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20 November 2020 - News

Children’s rights in Africa: Marking 30 years of African Children’s Charter

As we mark the Worlds Children’s Day this year, we also mark the 30th anniversary of the adoption of the African Charter on the Rights and Welfare of the Child (ACRWC). The ACRWC was adopted in 1990 by the Organization of African Unity (OAU) – which became the African Union in 2001.  It entered into force in 1999. The African Children's Charter is a comprehensive instrument that sets out rights and defines universal principles and norms for the status of children. The ACRWC and the Convention on the Rights of the Child (CRC) are the only international and regional human rights treaties that cover the whole spectrum of civil, political, economic, social and cultural rights.

The African Children’s Charter encompasses a wide array of rights and obligations articulated in an innovative and progressive manner for a better advancement of children’s rights in Africa.

Ratification of the Charter

To date, 49 countries have ratified the African Children’s Charter, thereby demonstrating their commitment to respect, protect and promote the rights of children. Thirty years after its adoption, the Charter remains one of the most ratified regional treaties and performs a pivotal role in the improvement of the lives of children around the continent. The ACRWC was adopted to address the specific problems of African Children as clearly articulated under its Preamble:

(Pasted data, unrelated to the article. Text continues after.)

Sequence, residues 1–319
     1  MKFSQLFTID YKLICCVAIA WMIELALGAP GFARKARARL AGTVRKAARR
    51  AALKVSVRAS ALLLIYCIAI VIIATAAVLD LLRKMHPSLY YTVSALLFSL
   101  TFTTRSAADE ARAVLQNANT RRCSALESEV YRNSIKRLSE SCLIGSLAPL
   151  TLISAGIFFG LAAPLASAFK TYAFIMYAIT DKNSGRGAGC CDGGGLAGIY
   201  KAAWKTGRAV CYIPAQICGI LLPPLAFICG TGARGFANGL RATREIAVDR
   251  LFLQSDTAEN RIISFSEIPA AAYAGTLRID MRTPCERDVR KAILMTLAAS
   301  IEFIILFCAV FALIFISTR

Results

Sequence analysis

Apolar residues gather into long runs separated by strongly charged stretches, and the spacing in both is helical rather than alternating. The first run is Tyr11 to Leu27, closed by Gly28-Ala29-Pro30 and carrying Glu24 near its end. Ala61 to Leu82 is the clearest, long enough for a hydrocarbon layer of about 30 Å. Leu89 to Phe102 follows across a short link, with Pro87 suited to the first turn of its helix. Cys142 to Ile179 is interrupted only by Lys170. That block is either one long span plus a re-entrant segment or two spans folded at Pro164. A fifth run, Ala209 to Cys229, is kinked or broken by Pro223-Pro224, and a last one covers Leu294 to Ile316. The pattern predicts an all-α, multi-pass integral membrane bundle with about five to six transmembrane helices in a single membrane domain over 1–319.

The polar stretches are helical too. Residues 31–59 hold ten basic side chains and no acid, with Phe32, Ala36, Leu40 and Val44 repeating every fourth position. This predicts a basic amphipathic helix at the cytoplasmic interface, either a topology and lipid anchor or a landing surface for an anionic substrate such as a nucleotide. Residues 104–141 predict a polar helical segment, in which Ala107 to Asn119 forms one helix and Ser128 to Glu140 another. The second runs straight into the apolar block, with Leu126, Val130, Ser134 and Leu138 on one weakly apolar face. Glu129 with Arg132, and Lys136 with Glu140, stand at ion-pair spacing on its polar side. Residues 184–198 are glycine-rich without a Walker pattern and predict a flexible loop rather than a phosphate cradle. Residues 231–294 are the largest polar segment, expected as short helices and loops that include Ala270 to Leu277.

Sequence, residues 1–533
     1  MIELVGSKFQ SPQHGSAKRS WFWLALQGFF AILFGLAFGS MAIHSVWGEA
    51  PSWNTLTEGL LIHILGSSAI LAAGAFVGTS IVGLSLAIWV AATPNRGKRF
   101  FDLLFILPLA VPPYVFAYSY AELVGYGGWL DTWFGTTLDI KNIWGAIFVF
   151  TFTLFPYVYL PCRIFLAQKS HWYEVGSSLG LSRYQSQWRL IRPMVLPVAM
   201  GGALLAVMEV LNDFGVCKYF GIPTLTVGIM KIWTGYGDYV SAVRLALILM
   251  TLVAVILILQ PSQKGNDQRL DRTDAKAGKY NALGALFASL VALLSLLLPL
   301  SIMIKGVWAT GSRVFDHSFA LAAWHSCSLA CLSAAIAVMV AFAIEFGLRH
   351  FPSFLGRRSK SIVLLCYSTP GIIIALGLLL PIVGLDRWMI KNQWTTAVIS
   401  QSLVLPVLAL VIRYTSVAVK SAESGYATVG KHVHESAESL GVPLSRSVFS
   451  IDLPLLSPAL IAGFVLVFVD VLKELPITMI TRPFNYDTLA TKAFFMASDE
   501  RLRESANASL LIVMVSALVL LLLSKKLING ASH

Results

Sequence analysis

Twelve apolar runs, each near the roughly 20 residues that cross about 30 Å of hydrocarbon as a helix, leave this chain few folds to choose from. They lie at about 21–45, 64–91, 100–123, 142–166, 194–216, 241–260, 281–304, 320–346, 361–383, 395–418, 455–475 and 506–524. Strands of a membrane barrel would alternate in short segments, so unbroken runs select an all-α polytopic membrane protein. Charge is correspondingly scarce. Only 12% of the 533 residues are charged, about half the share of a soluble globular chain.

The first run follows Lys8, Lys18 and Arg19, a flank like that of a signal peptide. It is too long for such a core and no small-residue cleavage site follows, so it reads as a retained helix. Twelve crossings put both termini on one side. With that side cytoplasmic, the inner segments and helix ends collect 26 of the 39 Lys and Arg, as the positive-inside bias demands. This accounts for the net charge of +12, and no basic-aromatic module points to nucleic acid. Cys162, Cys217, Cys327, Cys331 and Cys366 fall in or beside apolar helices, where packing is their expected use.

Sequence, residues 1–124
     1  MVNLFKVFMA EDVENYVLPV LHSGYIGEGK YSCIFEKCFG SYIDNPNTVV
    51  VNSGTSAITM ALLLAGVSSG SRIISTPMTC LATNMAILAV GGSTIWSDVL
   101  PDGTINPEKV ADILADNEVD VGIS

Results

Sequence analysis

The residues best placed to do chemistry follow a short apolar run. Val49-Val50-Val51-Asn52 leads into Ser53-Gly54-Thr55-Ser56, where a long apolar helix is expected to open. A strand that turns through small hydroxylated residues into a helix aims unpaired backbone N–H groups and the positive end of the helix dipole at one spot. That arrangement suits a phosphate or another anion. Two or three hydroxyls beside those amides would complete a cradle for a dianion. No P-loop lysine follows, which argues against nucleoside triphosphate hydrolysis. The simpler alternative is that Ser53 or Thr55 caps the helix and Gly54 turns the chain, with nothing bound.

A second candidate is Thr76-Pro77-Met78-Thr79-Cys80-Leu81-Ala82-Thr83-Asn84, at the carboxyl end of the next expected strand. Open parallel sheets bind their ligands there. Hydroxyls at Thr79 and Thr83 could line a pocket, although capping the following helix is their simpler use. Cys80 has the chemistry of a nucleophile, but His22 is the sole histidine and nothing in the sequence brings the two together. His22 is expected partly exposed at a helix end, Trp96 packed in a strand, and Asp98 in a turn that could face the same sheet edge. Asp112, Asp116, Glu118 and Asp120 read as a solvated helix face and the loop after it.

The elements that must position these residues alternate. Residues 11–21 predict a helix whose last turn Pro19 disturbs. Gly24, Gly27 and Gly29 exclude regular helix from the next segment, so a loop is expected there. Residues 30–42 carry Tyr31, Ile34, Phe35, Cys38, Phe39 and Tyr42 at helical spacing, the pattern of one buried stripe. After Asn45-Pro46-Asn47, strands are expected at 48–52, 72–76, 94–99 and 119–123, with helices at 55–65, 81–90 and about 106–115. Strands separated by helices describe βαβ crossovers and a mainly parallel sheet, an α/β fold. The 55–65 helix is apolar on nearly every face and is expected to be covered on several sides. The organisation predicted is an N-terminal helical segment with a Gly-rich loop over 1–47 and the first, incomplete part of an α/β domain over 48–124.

NOTING WITH CONCERN that the situation of most African children, remains critical due to the unique factors of their socio-economic, cultural, traditional and developmental circumstances, natural disasters, armed conflicts, exploitation and hunger, and on account of the child's physical and mental immaturity he/she needs special safeguards and care, …

Progress made 30 years after adoption

The African Children’s Charter has indelibly changed the way Africa and the world see children: as rights holders. Africa has achieved considerable progress with gains in education, health and living standards. The mortality rates for children under 5 years of age have reduced by over 50 per cent and huge strides have been made in universal primary education.

Another important highlight of the Charter is that it defines a child as a person below the age of 18 without any exception. This is pertinent to a continent that is accustomed to treat children who have reached the age of puberty as adults and subject them to various practices that affect their developments. The impact of the Charter in introducing a definition of the child without any exception is bigger and brings more added value in other areas as well. For instance, child marriage or betrothal has no exception in the Charter as there is no exception for the definition of the child.

The Charter also brings an additional value in the area of children and armed conflict in the sense that it prohibits the recruitment or involvement of children in hostilities. Moreover, the Charter is noble to Africa as it recognized African problems as well as African values. It addresses issues in relation to harmful practices in addition to child marriage and requests states to eliminate harmful social and cultural practices.